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There is also an option to go on campus near the end of the major which I'm hoping to take advantage of if I decide to go here which I'm pretty much convinced I'm ready to do.
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Old 02-10-2010, 05:01 AM   #9
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If you already going to have a B.A., why do you feel the need to obtain another one?

Honestly, in my opinion, getting any type of game design degree are for people who aren't motivated enough to simply teach themselves through study and more importantly, hands-on practice by designing games. There's nothing they will teach you at Full Sails that you can't learn on your own, and a degree from there won't give you any type of edge when you try to break-in.

You already have a B.A., awesome. Now start designing games in your spare time, read game design books, learn how to use GameMaker 8 at the least and just make games. Luckily, this industry is much more concerned on what you can do then what degrees you have and from where. Save yourself the money and time by not going to Full Sails and doing what I suggested. In the mean time, you could get your foot in the door by landing a QA job.

Just my two cents.
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Old 02-10-2010, 05:50 AM   #10
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Quote:
Originally Posted by ndimucci View Post
If you already going to have a B.A., why do you feel the need to obtain another one?

Honestly, in my opinion, getting any type of game design degree are for people who aren't motivated enough to simply teach themselves through study and more importantly, hands-on practice by designing games. There's nothing they will teach you at Full Sails that you can't learn on your own, and a degree from there won't give you any type of edge when you try to break-in.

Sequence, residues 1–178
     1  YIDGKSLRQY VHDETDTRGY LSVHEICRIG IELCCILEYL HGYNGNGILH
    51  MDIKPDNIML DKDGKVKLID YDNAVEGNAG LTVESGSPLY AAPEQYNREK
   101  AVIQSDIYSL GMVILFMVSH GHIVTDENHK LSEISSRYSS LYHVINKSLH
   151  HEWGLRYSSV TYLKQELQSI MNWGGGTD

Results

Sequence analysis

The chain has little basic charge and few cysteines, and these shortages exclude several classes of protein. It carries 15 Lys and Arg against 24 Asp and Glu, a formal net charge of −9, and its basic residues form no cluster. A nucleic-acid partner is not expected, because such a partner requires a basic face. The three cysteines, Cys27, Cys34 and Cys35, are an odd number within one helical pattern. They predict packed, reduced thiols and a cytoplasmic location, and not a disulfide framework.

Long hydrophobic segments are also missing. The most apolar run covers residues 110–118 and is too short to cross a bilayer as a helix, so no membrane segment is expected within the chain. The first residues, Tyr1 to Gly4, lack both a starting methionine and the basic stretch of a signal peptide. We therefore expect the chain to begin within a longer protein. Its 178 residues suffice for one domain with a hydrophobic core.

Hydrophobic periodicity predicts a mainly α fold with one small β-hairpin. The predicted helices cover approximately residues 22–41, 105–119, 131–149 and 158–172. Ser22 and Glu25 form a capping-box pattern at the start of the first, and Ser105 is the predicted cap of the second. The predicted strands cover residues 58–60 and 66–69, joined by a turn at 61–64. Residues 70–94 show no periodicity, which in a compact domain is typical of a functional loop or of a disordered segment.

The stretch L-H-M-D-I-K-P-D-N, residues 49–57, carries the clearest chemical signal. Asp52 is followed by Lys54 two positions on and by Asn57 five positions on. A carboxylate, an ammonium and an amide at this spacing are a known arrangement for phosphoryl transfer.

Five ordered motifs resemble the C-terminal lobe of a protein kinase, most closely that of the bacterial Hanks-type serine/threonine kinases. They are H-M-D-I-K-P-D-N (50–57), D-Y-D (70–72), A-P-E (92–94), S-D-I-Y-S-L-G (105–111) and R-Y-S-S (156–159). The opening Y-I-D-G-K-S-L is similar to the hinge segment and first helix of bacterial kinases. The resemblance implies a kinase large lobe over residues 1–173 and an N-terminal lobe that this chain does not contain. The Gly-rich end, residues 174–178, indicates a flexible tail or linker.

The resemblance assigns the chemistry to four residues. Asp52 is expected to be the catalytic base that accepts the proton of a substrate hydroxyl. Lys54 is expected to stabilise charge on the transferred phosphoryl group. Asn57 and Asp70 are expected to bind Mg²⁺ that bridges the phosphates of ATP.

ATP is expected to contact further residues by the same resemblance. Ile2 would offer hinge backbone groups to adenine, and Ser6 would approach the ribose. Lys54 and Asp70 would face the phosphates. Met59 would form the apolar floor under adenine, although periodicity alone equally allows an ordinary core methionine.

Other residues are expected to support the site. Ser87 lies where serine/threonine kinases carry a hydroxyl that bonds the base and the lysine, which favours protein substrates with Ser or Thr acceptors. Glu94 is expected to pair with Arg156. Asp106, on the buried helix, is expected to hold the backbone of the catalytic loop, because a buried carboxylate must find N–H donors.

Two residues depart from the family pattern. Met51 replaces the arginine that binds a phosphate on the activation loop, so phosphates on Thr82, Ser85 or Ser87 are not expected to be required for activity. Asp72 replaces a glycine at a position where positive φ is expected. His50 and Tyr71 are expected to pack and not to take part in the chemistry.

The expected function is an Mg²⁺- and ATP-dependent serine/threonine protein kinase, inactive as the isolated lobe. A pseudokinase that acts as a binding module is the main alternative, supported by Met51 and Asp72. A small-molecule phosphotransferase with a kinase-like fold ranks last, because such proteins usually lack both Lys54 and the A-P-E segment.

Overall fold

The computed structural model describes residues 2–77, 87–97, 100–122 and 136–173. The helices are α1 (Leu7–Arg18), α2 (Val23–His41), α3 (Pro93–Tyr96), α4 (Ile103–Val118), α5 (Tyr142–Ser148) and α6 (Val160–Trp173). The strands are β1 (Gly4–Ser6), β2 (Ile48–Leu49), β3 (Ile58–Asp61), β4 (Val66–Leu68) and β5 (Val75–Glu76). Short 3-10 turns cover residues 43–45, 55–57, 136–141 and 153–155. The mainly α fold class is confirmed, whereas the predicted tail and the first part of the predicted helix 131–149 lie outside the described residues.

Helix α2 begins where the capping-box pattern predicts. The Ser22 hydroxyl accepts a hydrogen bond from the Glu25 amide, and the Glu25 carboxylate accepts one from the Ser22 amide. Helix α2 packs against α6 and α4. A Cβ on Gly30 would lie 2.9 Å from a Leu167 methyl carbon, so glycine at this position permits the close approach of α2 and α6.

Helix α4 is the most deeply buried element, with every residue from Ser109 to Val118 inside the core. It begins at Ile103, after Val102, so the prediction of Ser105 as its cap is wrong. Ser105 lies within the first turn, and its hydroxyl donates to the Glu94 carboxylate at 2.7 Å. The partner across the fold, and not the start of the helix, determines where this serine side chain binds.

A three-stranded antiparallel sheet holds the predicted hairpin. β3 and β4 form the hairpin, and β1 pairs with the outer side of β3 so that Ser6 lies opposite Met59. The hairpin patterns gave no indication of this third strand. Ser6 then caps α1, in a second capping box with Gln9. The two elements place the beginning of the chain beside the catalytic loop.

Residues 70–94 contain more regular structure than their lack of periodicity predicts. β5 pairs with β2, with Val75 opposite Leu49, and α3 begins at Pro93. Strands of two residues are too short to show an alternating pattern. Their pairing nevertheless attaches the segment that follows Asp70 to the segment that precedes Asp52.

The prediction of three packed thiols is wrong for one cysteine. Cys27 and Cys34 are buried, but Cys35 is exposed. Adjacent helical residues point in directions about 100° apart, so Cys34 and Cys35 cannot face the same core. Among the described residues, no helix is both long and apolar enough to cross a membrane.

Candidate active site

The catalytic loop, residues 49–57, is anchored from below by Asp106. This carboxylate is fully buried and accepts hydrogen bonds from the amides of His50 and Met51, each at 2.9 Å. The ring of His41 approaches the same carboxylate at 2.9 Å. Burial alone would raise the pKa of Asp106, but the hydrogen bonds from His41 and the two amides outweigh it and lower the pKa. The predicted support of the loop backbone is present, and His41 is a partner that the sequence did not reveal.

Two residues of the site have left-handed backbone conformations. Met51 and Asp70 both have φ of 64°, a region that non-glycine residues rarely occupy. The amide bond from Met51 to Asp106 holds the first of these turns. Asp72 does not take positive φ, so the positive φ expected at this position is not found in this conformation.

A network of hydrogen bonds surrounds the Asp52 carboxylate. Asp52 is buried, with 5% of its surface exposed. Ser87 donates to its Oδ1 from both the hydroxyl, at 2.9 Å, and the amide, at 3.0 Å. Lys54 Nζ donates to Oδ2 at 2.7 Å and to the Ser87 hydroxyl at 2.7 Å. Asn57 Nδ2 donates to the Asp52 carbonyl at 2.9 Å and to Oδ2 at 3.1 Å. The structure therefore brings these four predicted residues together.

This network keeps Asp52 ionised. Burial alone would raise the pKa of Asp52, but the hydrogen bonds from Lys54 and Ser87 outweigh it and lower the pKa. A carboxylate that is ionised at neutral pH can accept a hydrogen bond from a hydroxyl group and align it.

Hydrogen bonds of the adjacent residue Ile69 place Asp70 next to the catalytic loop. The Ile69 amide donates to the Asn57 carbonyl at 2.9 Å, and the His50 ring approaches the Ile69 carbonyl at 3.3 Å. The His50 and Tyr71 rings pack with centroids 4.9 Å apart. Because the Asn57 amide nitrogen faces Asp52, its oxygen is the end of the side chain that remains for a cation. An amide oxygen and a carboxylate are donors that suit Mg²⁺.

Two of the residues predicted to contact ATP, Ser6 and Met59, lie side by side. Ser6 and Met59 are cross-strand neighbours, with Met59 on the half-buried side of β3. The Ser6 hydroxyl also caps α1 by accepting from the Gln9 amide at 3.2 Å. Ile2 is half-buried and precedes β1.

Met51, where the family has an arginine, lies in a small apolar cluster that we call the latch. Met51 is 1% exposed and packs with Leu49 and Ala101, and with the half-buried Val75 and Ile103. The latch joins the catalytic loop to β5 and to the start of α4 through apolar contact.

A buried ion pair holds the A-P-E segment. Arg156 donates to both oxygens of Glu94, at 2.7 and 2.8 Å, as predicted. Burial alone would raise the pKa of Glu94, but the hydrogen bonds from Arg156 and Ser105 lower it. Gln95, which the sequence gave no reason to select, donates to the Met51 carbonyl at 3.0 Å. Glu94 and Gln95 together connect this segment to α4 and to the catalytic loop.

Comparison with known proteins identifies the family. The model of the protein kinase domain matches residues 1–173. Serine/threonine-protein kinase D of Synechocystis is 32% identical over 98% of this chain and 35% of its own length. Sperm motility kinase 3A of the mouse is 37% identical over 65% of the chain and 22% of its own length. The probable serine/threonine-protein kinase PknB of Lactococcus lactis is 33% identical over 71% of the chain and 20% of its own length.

You already have a B.A., awesome. Now start designing games in your spare time, read game design books, learn how to use GameMaker 8 at the least and just make games. Luckily, this industry is much more concerned on what you can do then what degrees you have and from where. Save yourself the money and time by not going to Full Sails and doing what I suggested. In the mean time, you could get your foot in the door by landing a QA job.

Just my two cents.
What do you think of a Masters of Science in Game Design that they offer? It's tailored towards Bachelor degree graduates; the same people who have gone through the trials and tribulations of grinding and learning on an advanced level.

Full Sail is an accredited University. Master's degrees offer a specialization that most graduates benefit from. Sure, any Bachelor grad has the tools and the trained mental stamina to pursue self-education, but that's an argument arguing against the merits of a Master's in general.

Seeing that you, personally, are pursuing a Master's degree in a related field, I'm interested in your opinion on the matter. Is Game Design just a tacked on label to attract a niche population into superior studies?